Feeding problems: Breastfeeding in Ireland 288 Friday, January 06, 2017Kate O'Reilly Lack of support in the community is often cited as the main reason for Ireland’s low breastfeeding rates but that is slowly starting to change, lactation consultant Orla Dorgan believes. “In other cultures the mums, aunts and friends all breastfed and it is part of the norm but we don’t have that here, it’s a very new culture to us,” says Orla, a practice nurse who qualified as a IBCLC (International Board Certified Lactation Consultant) last year and is based in North East Cork. Rates are increasing she says particularly in areas where mothers have better access to support groups run by the HSE or parent-to-parent support organisations like Friends of Breastfeeding. The two weeks paid paternity leave for fathers, which came into effect last year, is also making a difference, she feels, while the new interactive HSE website, breastfeeding.ie, which provides online support from lactation consultants is a good resource. “A lot of mothers think that breastfeeding is going to be too hard and yes, it can be tough going for the first six weeks but that’s true with any new baby. There’s usually no reason why you cannot breastfeed — if that’s what you want to do. “Though breastfeeding is natural, it is also a learned skill. There can be challenges along the way, I call them ‘speed bumps’ but most are easily fixed.” Like most Irish women, Orla had no experience of breastfeeding growing up. After qualifying and working as a nurse in London, she moved to Australia where early breastfeeding is the norm. Her interest grew as she observed nursing mothers while working as volunteer nurse in a rural community in Guatemala. “It all seemed so normal and natural and easy, the mothers and grandmothers were there to provide support and advice and I thought: This is how it is meant to happen.” Moving to Cork and working as a practice nurse with new parents and then breastfeeding her two little boys, gave her the incentive to set up her support service Lactation Talk. “It’s not really work to me, it’s about helping other people. It’s about empowering women to make choices about feeding their baby, to have the confidence to know that what they are doing is right and also to know when to reach out to the support services that are available when something is not right, or just when they need reassurance.” Orla offers a one-and-a-half hour home consultation which addresses common difficulties and concerns with breastfeeding, such painful nursing and attachment difficulties, or worries about the frequency of feeds and if your baby is getting enough milk. Tongue tie, a condition which affects about 10% of babies and causes feeding difficulties for some, can be diagnosed by a lactation consultant. She can give advice on increasing a low milk supply or if your newborn is slow to gain weight. Evin O’Keeffe’s first little boy was born early and she was unable to breastfeed. When she became pregnant with her second child, she was determined to try again. Aidan, now four months, also arrived early and needed to be given formula. It took 10 weeks but with Orla’s support, Evin was able to reach her goal of breastfeeding Aidan during the day, with bottles at night. “It was a very different experience this time, thanks to Orla listening to what I wanted and troubleshooting my breastfeeding and latching issues. Orla’s pragmatic approach, not just her medical expertise but also her calm compassion as a mother, is very reassuring.” Orla recommends that couples who are considering breastfeeding spend time preparing before their baby is born and suggests take a breastfeeding class to get things off to a good start. “You wouldn’t start driving a car without taking a few lessons,” she says. Her three-hour class covers the basics, such as different feeding positions and how to tell when your baby is hungry. In the early days when mum is exhausted, it’s often the dads who are better able to recall her advice she says, although the class includes a 36-page booklet to take home. “Breastfed babies don’t always need winding and that is the part of the class when I like to hand the doll to Daddy. There is a lot more to looking after a baby than feeding. Dads can change nappies and their strong arms are great to hold baby securely in the bath. It gives Mum a break and when Daddy does skin to skin, it’s just as good.” Orla Dorgan will give an Introduction To Breastfeeding in Mahon, Cork on Jan 14 and in Fermoy on Jan 21, cost €75; www.lactationtalk.com Feeding tips Continue to eat well and often, as during pregnancy. Drink plenty of fluids and rest as much as possible. Oats, for example, a bowl of porridge and some fennel tea — up to three cups a day — will help to increase milk supply. Put a little bag together to have within easy reach during a feed. Include a bottle of water and some snacks and, if you wish, your phone. This is especially useful when you are on your own at home and there is no one to fetch anything for you. Soothe and protect sore nipples with Lansinoh lanolin cream, €14.99. It is safe for baby and does not have to be removed before a feed. Multi-Mam Compresses, €14.99, can be used after a feed to ease any discomfort. The Haakaa Silicone Breast Pump, €19.99, is a one-piece hand pump for expressing milk as your baby gets older and for relief if engorged. Useful websites: www.breastfeeding.ie www.friendsofbreast feeding.ie www.cuidiu-ict.ie www.lalecheleagueireland.com www.alcireland.ie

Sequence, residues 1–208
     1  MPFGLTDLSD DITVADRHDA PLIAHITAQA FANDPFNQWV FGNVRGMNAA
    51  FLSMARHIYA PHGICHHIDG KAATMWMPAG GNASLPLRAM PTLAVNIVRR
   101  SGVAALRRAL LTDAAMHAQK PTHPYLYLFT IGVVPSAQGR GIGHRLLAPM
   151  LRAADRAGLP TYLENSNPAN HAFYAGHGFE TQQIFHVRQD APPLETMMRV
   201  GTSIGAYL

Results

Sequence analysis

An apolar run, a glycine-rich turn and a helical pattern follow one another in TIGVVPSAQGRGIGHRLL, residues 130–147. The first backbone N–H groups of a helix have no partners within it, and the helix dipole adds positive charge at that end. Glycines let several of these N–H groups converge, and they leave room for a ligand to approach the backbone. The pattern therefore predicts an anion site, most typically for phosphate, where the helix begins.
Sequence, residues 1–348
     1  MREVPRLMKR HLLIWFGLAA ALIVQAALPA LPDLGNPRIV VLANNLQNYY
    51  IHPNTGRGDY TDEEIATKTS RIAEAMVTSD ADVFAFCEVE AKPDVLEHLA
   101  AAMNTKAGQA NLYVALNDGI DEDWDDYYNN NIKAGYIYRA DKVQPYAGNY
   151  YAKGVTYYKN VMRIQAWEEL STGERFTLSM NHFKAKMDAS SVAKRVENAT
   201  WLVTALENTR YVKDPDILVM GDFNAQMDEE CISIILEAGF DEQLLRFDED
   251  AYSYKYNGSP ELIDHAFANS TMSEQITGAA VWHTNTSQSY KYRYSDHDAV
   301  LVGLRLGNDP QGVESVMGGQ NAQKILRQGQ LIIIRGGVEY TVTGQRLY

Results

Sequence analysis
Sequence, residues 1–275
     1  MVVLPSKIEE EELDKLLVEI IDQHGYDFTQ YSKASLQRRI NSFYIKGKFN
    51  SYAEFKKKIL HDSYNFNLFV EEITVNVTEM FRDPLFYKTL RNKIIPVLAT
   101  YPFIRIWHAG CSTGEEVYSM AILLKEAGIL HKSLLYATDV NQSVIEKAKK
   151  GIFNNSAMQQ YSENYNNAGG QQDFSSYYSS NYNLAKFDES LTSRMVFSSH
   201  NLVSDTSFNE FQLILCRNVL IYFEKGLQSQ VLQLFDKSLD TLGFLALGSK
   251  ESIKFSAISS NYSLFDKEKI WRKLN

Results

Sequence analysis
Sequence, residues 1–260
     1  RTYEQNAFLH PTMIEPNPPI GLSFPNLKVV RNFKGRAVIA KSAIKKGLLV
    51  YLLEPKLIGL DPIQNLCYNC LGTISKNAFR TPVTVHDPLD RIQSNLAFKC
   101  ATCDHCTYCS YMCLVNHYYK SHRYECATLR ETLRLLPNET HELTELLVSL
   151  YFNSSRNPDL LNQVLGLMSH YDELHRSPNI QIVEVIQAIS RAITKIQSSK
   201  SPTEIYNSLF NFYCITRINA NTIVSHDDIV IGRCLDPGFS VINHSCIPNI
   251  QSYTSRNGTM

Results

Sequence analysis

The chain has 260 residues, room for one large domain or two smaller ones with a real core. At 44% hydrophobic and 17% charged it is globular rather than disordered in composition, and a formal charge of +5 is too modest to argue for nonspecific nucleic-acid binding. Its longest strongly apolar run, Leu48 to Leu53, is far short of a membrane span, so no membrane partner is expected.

I recorded this after Night 2 for Keela and myself while in CUMH. I recorded it for Facebook Live.
It explains what to expect and my experience.
It can be a hard night and most healthy babies will experience this. It's good to have lined up support for this night whether you are at home or in hospital.
Hope you find it helpful. xx